Sweet Inspirations by Rose Kent
Both of my middle-grade novels, Kimchi & Calamari (HarperCollins) and Rocky Road (Knopf Books), have titles & themes related to food. There is quite a bit of food references & symbolism in my stories too. Kimchi & Calamari refers to not only foods from my character Joseph's Korean birth and Italian adopted family cultures, but how he jokes about himself as an ethnic combo platter. My second book, Rocky Road, about Tess, whose family opens up an ice cream shop in the dead of winter, also captures Tess's spirit coping with her mom's mental health challenges.
I tend to see myself as a foodie -- not necessarily a gourmet cook, but someone who appreciates good food & how food nurtures our spirits. And as a writer I think food is a great tool for "showing" rather than "telling" about my characters' lives.
away from my work-in-progress, put the tea kettle on, and make myself a tasty snack. Then I return to the computer, open a fresh document, and begin an interview with my character as I munch. You know, Q&A, italics for my questions, bold-faced text for my characters' response. I let the questions come naturally, not scripted. This technique relaxes me and doesn't feel as hard work as the writing.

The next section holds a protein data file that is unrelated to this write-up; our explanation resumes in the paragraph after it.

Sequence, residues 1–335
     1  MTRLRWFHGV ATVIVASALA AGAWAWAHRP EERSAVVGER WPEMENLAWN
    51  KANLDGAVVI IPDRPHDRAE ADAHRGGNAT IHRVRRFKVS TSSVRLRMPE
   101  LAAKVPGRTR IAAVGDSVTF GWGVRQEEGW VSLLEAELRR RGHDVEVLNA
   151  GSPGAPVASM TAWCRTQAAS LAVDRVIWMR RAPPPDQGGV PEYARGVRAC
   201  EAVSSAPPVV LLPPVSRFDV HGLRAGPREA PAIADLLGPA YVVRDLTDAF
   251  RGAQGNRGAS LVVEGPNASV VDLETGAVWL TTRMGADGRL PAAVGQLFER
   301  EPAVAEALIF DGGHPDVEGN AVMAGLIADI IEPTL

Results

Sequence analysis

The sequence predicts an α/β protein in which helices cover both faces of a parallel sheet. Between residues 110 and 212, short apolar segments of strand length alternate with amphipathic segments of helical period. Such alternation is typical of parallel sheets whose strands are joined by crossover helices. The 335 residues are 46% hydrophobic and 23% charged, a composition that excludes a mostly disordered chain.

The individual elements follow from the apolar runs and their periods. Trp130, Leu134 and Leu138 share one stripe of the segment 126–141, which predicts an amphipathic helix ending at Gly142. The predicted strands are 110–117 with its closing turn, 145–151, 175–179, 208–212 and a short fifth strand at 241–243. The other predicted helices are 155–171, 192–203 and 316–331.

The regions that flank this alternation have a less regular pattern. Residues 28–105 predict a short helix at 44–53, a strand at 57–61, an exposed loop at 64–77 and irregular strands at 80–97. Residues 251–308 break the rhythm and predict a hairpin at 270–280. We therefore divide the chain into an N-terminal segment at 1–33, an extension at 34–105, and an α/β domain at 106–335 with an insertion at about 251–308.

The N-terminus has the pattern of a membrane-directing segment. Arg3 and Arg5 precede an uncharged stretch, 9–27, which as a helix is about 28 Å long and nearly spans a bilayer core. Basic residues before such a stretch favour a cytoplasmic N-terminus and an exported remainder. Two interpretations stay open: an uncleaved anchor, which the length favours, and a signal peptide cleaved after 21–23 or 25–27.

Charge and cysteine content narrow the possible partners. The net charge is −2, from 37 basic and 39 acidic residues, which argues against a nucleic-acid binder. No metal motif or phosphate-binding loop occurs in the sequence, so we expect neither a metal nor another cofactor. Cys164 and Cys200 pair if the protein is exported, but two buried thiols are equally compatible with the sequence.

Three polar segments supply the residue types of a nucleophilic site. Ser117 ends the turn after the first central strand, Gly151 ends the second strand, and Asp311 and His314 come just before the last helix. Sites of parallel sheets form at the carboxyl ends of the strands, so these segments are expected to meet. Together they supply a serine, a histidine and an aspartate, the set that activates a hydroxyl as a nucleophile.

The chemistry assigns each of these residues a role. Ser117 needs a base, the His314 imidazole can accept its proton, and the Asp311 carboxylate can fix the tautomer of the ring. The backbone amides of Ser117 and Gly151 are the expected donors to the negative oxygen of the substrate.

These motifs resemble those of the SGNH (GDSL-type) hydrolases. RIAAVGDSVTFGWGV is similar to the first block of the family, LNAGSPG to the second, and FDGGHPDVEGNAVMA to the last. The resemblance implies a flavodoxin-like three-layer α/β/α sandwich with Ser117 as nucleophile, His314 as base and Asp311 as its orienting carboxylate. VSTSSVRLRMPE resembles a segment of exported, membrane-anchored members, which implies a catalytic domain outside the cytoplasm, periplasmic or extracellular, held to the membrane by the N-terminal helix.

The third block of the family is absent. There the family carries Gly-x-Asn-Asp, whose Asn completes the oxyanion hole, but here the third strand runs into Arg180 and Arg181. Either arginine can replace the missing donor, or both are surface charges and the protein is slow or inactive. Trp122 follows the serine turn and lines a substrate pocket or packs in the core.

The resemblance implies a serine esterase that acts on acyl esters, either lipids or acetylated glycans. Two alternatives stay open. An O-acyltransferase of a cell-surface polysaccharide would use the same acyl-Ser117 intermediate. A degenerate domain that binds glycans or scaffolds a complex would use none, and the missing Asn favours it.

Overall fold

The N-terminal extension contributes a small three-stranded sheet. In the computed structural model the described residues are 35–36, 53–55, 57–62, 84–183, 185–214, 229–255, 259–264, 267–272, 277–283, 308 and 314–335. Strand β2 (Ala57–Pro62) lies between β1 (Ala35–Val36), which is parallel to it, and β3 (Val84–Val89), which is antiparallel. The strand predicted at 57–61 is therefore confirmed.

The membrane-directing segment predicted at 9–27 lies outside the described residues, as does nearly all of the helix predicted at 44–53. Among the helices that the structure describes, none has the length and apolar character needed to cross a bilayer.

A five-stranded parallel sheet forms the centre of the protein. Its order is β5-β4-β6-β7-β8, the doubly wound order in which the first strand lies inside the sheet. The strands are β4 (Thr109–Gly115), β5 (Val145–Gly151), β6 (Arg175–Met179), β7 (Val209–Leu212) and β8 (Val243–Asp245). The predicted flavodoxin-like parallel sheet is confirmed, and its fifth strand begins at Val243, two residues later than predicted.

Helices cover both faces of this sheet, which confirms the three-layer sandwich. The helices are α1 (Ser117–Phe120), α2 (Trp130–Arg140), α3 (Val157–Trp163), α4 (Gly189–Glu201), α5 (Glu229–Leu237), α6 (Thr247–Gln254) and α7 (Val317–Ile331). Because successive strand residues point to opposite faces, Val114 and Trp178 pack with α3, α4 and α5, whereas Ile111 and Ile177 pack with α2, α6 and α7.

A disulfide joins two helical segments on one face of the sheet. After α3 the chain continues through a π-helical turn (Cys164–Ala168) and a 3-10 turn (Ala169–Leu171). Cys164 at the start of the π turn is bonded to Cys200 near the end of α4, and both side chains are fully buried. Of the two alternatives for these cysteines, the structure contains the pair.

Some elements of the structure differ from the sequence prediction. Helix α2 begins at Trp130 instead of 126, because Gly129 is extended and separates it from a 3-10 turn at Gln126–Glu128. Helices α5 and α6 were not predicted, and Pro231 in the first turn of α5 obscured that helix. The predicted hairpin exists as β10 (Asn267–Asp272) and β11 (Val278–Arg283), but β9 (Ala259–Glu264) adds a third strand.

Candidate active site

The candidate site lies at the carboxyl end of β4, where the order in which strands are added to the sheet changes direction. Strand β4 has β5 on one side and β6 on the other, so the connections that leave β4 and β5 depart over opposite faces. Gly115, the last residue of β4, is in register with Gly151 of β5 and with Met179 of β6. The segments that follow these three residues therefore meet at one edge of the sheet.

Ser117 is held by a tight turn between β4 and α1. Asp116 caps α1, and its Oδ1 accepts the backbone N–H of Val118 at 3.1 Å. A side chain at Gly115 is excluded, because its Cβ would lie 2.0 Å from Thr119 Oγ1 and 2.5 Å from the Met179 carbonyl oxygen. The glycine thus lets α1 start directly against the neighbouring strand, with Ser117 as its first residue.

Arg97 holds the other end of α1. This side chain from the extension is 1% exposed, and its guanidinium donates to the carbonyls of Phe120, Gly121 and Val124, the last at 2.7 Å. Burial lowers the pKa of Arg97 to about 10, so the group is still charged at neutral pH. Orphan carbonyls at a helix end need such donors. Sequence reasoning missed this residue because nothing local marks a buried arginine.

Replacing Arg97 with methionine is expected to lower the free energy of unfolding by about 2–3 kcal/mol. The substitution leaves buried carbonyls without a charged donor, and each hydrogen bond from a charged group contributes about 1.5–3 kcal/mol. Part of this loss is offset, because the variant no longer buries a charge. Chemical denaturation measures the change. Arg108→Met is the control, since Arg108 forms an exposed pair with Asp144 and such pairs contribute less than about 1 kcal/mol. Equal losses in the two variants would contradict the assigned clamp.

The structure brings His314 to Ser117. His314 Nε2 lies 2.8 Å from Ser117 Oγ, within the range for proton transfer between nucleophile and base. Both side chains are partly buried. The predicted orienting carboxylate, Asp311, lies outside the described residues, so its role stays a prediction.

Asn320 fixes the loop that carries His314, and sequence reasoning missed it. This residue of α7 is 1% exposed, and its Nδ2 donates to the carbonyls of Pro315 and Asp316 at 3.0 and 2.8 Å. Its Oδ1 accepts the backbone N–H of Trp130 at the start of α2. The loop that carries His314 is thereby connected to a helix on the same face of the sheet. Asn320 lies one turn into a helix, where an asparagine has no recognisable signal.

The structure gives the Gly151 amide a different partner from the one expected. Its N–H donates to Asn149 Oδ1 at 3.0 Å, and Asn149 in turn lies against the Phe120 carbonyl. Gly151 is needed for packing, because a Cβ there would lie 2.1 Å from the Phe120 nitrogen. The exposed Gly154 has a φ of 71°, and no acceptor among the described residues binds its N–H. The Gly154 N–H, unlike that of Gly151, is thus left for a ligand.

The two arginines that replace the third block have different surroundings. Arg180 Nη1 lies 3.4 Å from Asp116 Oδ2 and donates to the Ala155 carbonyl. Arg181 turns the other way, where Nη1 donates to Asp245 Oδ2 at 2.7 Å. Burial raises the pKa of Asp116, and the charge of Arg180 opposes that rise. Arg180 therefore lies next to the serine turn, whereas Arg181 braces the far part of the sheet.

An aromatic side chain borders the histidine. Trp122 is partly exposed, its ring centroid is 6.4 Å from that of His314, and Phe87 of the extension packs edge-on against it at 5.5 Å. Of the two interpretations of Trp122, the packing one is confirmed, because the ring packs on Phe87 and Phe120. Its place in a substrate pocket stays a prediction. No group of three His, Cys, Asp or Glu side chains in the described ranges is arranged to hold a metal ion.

This starts out simple, even silly, with my character commenting on the weather or his favorite cookies as I eat mine. But like every good conversation, the interview moves about and ultimately returns to the story. More often than not, this foodie break I have given myself results in a breakthrough in my story with my character revealing something gets me unstuck. Of course this can be over done with too much snacking and too little writing, so I try to use this technique only occasionally.
http://www.rosekent.com/ (there is a link to her blog there, as well) and you can view her trailer for Rocky Road here: